A senior Iraqi military officer and seven of his bodyguards have been killed following clashes with Daesh fighters that took place in the Sunni Arab-majority province of Diyala in eastern Iraq.
Brigadier Haider Ali Agha Al-Haideri, the commander of the Iraqi Security Forces' (ISF) 110th Brigade, was killed after Daesh fighters engaged his unit in the Imam Ways district near the provincial capital of Baquba, a city renowned amongst US military personnel as being a dangerous hotspot for US occupation forces several years ago.
According to the Amaq news agency, closely linked to the Daesh extremist group, the brigade commander was killed, along with other field officers in addition to four other troops, in an ambush set up by Daesh militants east of Baquba.
Ties to Shia jihadists
Al-Haideri is not only a member of the ISF, but is also a senior member of the Iran-backed Shia jihadist group known as the Badr Organisation. Badr used to operate a militia and death squad called the Badr Brigade, before being absorbed into the Iraqi federal police and military units.
Badr is controlled by former cabinet member and current senior commander in the Shia-dominated Popular Mobilisation Forces (PMF) Iraqi paramilitary group, Hadi Al-Amiri.
In the 1980s, Hadi Al-Amiri fought alongside Iranian forces loyal to Ayatollah Ruhollah Khomeini against his own country, then under the rule of former dictator Saddam Hussein. Since then, he has been a very close ally of Tehran.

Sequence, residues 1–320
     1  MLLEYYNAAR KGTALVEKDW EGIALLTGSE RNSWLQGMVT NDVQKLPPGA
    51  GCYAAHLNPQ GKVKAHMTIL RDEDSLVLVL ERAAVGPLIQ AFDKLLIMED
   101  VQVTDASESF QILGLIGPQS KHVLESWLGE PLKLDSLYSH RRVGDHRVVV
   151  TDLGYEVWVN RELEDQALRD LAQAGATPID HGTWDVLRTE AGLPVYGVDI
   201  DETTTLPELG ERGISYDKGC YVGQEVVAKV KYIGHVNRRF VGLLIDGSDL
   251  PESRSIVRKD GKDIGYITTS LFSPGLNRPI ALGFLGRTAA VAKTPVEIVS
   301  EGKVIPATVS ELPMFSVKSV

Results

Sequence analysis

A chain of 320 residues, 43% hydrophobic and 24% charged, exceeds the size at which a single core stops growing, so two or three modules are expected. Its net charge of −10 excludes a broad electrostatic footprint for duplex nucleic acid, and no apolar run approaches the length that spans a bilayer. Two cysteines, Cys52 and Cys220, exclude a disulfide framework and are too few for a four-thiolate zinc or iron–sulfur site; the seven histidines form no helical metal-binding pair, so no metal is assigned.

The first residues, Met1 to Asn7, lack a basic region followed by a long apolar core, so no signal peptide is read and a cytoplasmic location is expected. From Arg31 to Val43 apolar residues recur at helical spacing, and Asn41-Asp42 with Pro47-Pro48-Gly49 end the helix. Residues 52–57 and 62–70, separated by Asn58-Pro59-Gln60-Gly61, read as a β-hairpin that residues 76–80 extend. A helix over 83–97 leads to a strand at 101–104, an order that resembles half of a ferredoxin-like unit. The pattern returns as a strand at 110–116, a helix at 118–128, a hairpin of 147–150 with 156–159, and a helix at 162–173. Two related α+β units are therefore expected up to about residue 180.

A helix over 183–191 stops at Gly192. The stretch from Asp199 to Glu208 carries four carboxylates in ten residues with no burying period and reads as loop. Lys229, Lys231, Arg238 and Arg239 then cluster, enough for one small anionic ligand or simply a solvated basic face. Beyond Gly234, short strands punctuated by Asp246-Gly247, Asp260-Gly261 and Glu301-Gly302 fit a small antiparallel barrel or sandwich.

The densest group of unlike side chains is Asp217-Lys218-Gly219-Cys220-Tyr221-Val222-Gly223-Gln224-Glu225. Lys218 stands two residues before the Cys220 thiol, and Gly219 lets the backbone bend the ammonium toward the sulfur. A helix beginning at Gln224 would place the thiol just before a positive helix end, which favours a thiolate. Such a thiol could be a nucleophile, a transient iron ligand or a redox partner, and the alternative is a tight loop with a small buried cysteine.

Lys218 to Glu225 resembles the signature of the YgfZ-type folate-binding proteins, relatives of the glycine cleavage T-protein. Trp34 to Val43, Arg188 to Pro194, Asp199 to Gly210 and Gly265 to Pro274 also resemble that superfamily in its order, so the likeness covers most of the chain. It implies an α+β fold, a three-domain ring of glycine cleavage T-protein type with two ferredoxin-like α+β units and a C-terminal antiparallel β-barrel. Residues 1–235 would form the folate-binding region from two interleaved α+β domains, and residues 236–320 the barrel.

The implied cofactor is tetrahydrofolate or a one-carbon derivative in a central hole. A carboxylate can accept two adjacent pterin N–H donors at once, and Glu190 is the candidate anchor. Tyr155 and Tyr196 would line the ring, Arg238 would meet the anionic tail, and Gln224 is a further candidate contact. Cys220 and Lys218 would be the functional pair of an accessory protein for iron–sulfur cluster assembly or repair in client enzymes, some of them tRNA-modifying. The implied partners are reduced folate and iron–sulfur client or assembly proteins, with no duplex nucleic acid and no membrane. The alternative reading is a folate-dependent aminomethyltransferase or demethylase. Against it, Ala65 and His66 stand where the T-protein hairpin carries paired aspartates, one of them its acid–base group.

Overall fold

According to sources cited by Al Jazeera, not only did Daesh kill these Badr jihadists who are formally part of the Iraqi military chain of command, but they also captured other Badr militants and killed them before withdrawing from the area.
Turkey's state-owned Anadolu confirmed the story, and reported Iraqi provincial police Captain Habib Al-Shimmari as saying that Daesh fighters withdrew not long after reinforcements arrived to comb the area for the militants.
Daesh's successful ambush comes despite Diyala's provincial authorities beginning a security operation last week to prevent Daesh infiltration from neighbouring Kirkuk province.
The militant group's ambush against the Iran-sponsored Shia jihadists suggests serious intelligence failures are still occurring in Iraq, despite the ongoing operation to dislodge Daesh from Mosul hundreds of kilometres away to the northwest.
Since the Mosul operation began on 17 October 2016, Daesh have launched numerous raids and devastating surprise attacks across Iraq, including the Kurdish-controlled and oil-rich city of Kirkuk, as well as Qayyarah south of Mosul and as far afield as Rutbah in Anbar province near the Syrian border.
Meanwhile, and despite heavy backed from the US-led Coalition and Iran, Baghdad has failed to achieve the goal of purging Mosul from Daesh by the end of 2016, set by Prime Minister Haider Al-Abadi himself.
The Iraqi premier now estimates it will take a further three months to recapture Mosul, with experts warning that the taking of Iraq's second city will not end the Daesh threat.